During the long and contentious negotiations for a nuclear deal between the Iran regime and the P5+1 group of nations, the Iran lobby – led by the National Iranian American Council – was loud and boisterous in its efforts to prop up the regime’s arguments, denounce opponents and defend it as an instrument for positive change.
Trita Parsi, head of the NIAC, led the way with a steady stream of media interviews, editorials and even becoming a near permanent fixture in the hotel bars and lobbies in Austria and Switzerland during negotiations.
Parsi argued that the nuclear agreement would open the door to new solutions in Syria, writing that “the Iranians can help first to secure local cease-fires, and then later to begin a political process.”
“Once the nuclear deal has been sorted out, the door will be open for greater U.S.-Iran engagement,” he added.
Facts on the ground in Syria have proven Parsi to be wrong, if not an outright dissembler of the truth since in the wake of the nuclear agreement, the Iran regime launched a series of new offensives using thousands of fresh troops and forged an alliance with Russia to launch an air campaign that has targeted rebels to the Assad regime, not the ISIS strongholds it claims are its targets.
Ironically, last September, when Hassan Rouhani addressed the United Nations General Assembly, Parsi “compared the U.S. airstrikes in Syria to another country identifying terrorists in Oklahoma and bombing them without approval from the American government.”
We can only assume that Russian bombardment of Syrian civilians at the behest of Iran’s mullahs is more akin to being bombed by your own government with its blessing according to Parsi’s twisted logic.
The closest Parsi has come to biting the hand that feeds him was in a Huffington Post piece on Pope Francis’ visit to America where he writes “there are few signs that Tehran is decisively scaling back its support for the Syrian government and the Russians have recently moved in militarily to boost the Assad side. The end result of this inevitably will be more deaths and more stalemate. No side can escape responsibility for these dire consequences.”
“What has fueled the Syrian crises more than anything else is the false illusion on all sides that a decisive military victory is around the corner,” he added.
Parsi fails to cite that the reason why the Assad regime has been able to stay in power in the face of a peaceful and popular revolt against his rule which later turned bloody and brutal at his hands was the unquestioned and loyal support of the Iran regime.
Rather than advocate for the peaceful regime change in Syria that other nations embraced as part of the Arab Spring – most notably Tunisia which earned the Nobel Peace Prize this year for its peaceful transition to democracy – Parsi has opted to be an unabashed supporter and apologist for Tehran’s military support of Assad and excuses such support as “understandable.”
The example set by the Tunisian National Dialogue Quartet’s Nobel win has recharged democracy activists around the region and bolsters hope for the long-suffering members of the Iranian resistance who have peacefully opposed the mullahs in Tehran only to be arrested, imprisoned, tortured and often executed by the regime for simply protesting for basic human rights.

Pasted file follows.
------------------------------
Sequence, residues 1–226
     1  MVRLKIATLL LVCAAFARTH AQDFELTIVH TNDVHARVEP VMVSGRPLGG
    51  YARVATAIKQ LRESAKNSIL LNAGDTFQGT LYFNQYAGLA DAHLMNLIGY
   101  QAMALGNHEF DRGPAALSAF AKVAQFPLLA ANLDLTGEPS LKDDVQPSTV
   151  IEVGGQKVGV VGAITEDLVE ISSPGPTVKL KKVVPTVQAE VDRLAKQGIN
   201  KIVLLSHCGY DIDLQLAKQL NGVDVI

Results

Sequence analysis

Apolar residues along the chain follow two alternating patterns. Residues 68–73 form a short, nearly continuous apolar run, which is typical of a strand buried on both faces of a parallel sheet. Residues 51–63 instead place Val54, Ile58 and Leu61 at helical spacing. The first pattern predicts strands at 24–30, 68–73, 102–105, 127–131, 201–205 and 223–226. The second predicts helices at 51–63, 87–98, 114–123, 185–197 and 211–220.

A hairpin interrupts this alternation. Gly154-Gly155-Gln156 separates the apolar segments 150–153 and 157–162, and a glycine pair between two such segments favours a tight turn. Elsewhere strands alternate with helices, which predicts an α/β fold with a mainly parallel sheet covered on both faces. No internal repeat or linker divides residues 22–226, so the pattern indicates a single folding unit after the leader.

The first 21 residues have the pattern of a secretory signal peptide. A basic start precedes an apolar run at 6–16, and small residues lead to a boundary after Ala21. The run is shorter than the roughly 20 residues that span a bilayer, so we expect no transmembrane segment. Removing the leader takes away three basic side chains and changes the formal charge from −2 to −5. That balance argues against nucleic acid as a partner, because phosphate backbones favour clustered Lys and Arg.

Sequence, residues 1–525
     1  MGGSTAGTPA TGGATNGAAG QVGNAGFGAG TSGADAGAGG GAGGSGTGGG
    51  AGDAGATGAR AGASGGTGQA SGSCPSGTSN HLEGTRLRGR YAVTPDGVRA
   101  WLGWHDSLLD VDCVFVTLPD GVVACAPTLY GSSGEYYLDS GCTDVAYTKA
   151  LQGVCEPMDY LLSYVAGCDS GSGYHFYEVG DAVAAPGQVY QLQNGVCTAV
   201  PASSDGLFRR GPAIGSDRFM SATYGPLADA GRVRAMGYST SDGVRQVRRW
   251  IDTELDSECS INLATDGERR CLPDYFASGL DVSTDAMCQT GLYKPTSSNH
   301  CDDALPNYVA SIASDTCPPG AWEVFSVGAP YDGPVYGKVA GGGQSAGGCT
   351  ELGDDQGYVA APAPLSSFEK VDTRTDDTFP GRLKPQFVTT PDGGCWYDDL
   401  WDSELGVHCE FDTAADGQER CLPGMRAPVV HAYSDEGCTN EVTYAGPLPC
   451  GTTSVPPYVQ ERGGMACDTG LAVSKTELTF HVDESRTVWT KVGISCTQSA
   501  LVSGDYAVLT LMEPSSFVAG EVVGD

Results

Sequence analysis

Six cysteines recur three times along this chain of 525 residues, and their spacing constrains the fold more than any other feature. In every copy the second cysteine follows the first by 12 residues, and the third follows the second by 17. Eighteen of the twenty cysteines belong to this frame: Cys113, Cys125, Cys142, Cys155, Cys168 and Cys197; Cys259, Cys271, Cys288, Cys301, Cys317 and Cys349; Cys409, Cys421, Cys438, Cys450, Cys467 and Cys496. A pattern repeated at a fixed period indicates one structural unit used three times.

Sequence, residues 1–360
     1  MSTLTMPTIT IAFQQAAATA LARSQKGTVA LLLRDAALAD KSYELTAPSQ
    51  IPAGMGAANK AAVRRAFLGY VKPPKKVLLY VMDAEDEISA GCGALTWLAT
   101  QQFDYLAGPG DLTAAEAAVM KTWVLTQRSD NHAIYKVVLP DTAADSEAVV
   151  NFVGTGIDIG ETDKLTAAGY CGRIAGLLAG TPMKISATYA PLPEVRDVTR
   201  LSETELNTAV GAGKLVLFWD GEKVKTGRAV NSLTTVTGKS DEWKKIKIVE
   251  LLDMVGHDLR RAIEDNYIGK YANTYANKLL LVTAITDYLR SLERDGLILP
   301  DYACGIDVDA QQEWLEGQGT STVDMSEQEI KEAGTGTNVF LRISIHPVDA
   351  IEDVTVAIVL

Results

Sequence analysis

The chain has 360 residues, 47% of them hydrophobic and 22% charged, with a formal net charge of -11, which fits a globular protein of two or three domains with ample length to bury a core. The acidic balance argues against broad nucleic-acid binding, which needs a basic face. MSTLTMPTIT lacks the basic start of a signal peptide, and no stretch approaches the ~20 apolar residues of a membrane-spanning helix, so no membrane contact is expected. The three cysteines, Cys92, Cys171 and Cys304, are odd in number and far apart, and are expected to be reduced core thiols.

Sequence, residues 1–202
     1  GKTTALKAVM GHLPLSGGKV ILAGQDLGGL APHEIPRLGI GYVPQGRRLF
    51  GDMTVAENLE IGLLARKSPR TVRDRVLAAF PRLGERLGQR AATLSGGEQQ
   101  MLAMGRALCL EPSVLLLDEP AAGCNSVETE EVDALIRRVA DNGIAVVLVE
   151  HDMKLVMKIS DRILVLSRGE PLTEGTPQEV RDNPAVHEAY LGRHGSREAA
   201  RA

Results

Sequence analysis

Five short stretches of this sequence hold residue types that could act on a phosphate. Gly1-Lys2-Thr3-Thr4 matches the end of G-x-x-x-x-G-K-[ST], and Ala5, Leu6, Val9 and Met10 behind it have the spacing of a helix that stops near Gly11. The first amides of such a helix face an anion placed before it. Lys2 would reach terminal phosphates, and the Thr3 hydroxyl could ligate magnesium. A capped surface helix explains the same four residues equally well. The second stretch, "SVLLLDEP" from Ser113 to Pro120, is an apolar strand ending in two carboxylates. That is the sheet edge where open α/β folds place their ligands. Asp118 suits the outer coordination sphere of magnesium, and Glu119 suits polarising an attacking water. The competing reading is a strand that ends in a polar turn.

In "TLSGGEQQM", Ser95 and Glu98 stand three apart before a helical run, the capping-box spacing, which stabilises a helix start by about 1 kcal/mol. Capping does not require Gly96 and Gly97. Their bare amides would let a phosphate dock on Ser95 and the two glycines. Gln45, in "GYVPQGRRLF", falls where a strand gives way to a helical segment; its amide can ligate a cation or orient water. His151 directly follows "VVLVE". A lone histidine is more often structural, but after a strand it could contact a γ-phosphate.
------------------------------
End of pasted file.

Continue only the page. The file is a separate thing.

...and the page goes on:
It is tragic, but altogether understandable that Parsi and the rest of the NIAC staff have never raised their voices in protest over the brutal suppression aimed at the members of the Iranian resistance, which is viewed harshly by the mullahs because of the simple fact the ordinary Iranians are living examples of the opposition to their rule and proof that their government is illegitimate.
Parsi’s contention of a more moderate pathway to regional stability through Tehran has been increasingly taken to task as more commentators see the proof in Iran’s recent actions and increased militarism.
“If the past is any guide, highly ideological regimes — see China, Vietnam, the former Soviet Union and Cuba — have proven adept at opening up economically but still retaining authoritarian and repressive control,” said Aaron David Miller, vice president at the Woodrow Wilson Center for Scholars in an editorial in the Wall Street Journal.
“Anyone who thinks Iran is on a linear course to moderation ought to lay down until the feeling passes,” Miller said.
Similarly, Jennifer Rubin writing in the Washington Post echoed the same thoughts as she praised Sen. Bob Menendez (D-NJ) for being right on Iran’s post-agreement rise in aggression.
“Sen. Robert Menendez, stalwart critic of the Iran deal, deserves to say ‘I told you so.’ He had suggested that sanctions would be lifted even without revealing the possible military dimensions of Iran’s program, that the inspection process (including self-selected samples) was nonsensical and that we would embolden Iran in the region to, among other things, further boost characters like Bashar al-Assad. Right on all counts,” Rubin writes.
As more thoughtful people recognize the folly of the arguments used by the Iran lobby in defending an indefensible agreement, the people of Syrian are reaping the punishment for allowing the mullahs of Iran a free hand in prosecuting their religious war.